News Roundup June 25 – July 1

News Roundup June 25 – July 1 1200 1200 SVDP USA

With 100,000 Vincentians across the United States and nearly 800,000 around the world, the Society of St. Vincent de Paul provides person-to-person service to those who are needy and suffering. Read some of their stories here:



Help us share the good news of the good work being done in your local Conference or Council! Email us at info@svdpusa.org with the subject line Good News.

Disaster Services Update

Disaster Services Update 940 788 SVDP USA

Besides responding to natural and manmade disasters, the role of Disaster Services Corporation (DSC) is to educate SVdP Councils and Conferences about different types of severe weather. Per the Center for Disease Control and Prevention (CDC), high temperatures kill hundreds of people every year. Heat-related deaths and illness are preventable, yet more than 700 people die from extreme heat every year in the United States and more than 7,000 are hospitalized due to heat-related illnesses.

Those who are at highest risk include, people 65 and older, children younger than two, and people with chronic diseases or mental illness.

Closely monitor people who depend on you for their care and ask these questions:

  • Are they drinking enough water?
  • Do they have access to air conditioning?
  • Do they need help keeping cool?

People at greatest risk for heat-related illness can take the following protective actions to prevent illness or death:

  • Stay in air-conditioned buildings as much as you can. Air-conditioning is the number one way to protect yourself against heat-related illness and death. If your home is not air-conditioned, reduce your risk for heat-related illness by spending time in public facilities that are air-conditioned and using air conditioning in vehicles. Contact your local health department or locate an air-conditioned shelter in your area.
  • Do not rely on a fan as your main cooling device during an extreme heat event.
  • Drink more water than usual and don’t wait until you’re thirsty to drink.
  • Check on a friend or neighbor and have someone do the same for you.

Even young and healthy people can get sick from the heat if they participate in strenuous physical activities during hot weather:

  • Limit your outdoor activity, especially midday when the sun is hottest.
  • Wear and reapply sunscreen as indicated on the package.
  • Pace your activity. Start activities slow and pick up the pace gradually.

Is your Council or Conference looking to assist families that have been impacted by a Hurricane? Contact us and see how you can help.

Please follow us at:
Twitter @svdpusadisaster
Facebook @DisasterServicesCorp.


SVdP Heads to USCCB’s Journeying Together

SVdP Heads to USCCB’s Journeying Together 2016 1512 SVDP USA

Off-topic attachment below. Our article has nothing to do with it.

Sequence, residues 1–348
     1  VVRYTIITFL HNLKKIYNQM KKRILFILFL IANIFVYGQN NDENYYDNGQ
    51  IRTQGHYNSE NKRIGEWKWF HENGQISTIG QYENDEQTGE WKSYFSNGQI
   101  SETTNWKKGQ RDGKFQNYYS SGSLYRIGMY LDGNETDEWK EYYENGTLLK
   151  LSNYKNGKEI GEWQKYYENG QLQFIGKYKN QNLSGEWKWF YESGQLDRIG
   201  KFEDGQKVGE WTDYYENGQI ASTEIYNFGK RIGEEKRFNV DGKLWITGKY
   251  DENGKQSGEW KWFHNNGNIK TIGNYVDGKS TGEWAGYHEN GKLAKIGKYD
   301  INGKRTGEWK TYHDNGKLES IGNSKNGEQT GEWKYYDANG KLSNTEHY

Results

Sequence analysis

Last week, a delegation of Vincentians from across the country traveled to Chicago, IL. to participate in the Journeying Together national gathering. The theme of this year’s event was “Alive in Christ: Young, Diverse, Prophetic Voices Journeying Together.”

SVdP’s participation in this event was the culmination of a recent push to target new and diverse groups of people and encourage them to become a part of the Society.

“This was a great opportunity to introduce SVdP to Young Adults and older Catholics involved with youth and YA ministries across the U.S,” said Bertha de Alegria, Western Region VOP Representative and delegate at Journeying Together.

The Society of St. Vincent de Paul was proud to be a sponsor of the event. We had an exhibit table with lots of SVdP goodies to give away and even had SVdP cornhole for visitors to take turns playing! One lucky table visitor will even get a special treat! They will get to keep Cornhole!

National Board Member and MCD Chair Pam Matambanadzo gave a heartfelt invitation to others who may be interested in joining the Society. “We like to say that we see the face of Christ in those we serve. Visiting with them in their homes allows us to share in their humanity, bringing hope and friendship where things might have previously felt hopeless. Our vocation is to follow Christ through service to people in need and bear witness to His love.”  

Journeying Together offered attendees a special opportunity to experience the beautiful diversity of the Catholic Church in the U.S.

“There was a spirituality reawakening and the passion of both young and old coming together and sharing personal journeys of faith,” said Pam Hudson, National Director of Governance and Membership Services. “I spoke with a wonderful young man from Alaska, Waylon, who was very open and sharing his spirituality and challenges within his village of poverty and drug infestation. Sad but hopeful.”